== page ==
SSD drive lifetime expectancy explained

; Date: March 26, 2017

Tags: Computer Hardware »»»» SSD Drives

SSD drives are awesome, they're extremely faster than spinning drives, lower weight, lower power consumption, no noise, and are a direct plug-in replacement for spinning drives. Thanks to technology advances the price is falling rapidly making them more feasible every day. The problem is they're known to suddenly die giving us a fear of losing our data and suddenly having to replace the drive. This video does an excellent job of explaining the reality, and tells us to not panic but instead to make sure to leave lots of free space on the drive.

The core issue is that each memory cell in an SSD drive can be written so-many-times. Once each cell is written enough times, that cell dies. The SSD firmware takes care of recognizing dead cells, bypassing those cells when storing data. They also use wear-leveling algorithms to spread write's across the disk and extend its lifetime.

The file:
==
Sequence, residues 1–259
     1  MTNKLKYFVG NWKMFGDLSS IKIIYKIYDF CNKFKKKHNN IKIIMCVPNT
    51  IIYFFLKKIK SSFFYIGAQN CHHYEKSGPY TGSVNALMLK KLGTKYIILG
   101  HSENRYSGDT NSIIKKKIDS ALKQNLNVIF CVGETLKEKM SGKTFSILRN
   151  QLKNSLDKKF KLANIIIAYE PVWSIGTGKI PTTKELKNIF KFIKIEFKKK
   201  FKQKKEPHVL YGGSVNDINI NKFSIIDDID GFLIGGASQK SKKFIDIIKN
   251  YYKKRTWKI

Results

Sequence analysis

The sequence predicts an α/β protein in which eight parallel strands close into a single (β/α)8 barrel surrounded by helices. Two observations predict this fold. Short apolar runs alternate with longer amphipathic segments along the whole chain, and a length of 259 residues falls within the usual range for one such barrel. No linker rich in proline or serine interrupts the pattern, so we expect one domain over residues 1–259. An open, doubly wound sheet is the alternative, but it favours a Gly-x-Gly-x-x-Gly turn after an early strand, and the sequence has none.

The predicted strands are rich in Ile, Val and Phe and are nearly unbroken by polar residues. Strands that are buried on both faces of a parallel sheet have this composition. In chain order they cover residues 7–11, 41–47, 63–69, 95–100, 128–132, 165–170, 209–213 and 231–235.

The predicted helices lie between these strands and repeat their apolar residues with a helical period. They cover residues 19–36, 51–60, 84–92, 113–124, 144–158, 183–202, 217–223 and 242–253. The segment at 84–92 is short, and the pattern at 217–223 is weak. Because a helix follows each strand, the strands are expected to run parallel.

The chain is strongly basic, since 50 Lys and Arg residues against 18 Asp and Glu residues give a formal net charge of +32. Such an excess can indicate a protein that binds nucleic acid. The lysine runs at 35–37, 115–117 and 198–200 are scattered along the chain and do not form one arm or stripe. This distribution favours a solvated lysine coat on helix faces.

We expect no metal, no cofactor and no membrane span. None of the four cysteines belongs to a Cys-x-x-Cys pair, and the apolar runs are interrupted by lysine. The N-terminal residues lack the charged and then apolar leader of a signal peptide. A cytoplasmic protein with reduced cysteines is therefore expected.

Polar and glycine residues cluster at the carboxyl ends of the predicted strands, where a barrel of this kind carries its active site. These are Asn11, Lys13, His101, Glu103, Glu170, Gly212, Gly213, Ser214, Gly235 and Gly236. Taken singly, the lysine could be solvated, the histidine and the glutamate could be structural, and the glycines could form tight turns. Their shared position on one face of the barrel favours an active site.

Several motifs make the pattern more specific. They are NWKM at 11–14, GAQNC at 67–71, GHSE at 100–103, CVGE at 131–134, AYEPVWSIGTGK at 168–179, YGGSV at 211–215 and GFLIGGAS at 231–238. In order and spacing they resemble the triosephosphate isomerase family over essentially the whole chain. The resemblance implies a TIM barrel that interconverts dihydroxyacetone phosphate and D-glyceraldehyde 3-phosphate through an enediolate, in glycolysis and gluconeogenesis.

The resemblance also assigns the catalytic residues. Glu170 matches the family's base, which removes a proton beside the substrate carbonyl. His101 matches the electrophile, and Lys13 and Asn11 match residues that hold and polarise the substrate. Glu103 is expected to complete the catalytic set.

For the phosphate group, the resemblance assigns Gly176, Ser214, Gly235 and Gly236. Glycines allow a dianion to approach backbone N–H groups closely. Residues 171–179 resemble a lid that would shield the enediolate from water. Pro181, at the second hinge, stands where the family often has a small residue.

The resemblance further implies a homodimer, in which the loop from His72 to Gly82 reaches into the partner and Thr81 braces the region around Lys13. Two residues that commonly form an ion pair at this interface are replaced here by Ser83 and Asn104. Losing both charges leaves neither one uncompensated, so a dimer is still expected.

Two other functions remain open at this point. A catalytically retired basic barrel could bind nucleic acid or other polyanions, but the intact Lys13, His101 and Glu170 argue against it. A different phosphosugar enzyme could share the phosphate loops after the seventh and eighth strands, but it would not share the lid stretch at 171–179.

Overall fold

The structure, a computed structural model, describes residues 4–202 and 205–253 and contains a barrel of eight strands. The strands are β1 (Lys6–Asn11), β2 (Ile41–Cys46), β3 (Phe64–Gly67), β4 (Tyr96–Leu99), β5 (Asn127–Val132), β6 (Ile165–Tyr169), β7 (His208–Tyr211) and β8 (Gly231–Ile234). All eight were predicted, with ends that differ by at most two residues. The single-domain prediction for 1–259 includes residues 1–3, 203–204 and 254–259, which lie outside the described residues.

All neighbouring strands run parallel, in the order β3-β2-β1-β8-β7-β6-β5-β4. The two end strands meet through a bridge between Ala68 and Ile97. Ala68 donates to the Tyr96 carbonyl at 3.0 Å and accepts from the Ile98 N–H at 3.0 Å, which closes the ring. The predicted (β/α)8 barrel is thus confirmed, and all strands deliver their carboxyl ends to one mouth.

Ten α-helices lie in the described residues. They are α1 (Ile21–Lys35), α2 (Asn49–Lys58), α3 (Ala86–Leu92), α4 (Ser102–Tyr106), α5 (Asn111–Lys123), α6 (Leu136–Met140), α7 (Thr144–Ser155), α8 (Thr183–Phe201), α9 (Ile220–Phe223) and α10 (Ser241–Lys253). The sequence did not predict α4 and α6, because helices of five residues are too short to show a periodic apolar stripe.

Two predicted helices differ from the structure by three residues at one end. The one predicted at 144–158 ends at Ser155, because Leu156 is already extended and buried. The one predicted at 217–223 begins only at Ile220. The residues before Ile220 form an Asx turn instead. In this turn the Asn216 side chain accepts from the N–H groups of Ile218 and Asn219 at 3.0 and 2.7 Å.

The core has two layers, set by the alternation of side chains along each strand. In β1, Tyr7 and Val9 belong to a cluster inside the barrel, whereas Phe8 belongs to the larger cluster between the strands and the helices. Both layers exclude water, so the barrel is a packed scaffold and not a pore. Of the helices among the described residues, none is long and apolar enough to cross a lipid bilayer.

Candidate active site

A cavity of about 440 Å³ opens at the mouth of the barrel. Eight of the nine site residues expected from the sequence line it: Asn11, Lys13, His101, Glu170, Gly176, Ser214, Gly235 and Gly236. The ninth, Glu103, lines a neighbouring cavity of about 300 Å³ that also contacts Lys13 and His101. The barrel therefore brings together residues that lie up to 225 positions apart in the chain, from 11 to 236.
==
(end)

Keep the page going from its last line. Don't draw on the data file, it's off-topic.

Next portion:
The key to a long SSD lifetime is to leave lots of free space on the drive. This means at least 10% of the disk should be left empty, and perhaps 20% is a good amount to leave free. This is so the wear leveling algorithms can do their thing.

The phrase "over-provisioning" refers to the practice of leaving free space.

These are the key measures which will be contained in the spec sheet:

  • DWPD :- How many times you can write an amount of data equal to the SSD drive's capacity over its warranty period
  • TBW :- Total data that can be written (total bytes written)

With a DWPD of "2", a capacity of 240 gigabytes, and a warranty of 5 years, you should be able to write 480 gigabytes per day for five years.

lifespan = (capacity x enduranceRating) / averageDailyWrites

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About the Author(s)

David Herron : David Herron is a writer and software engineer focusing on the wise use of technology. He is especially interested in clean energy technologies like solar power, wind power, and electric cars. David worked for nearly 30 years in Silicon Valley on software ranging from electronic mail systems, to video streaming, to the Java programming language, and has published several books on Node.js programming and electric vehicles.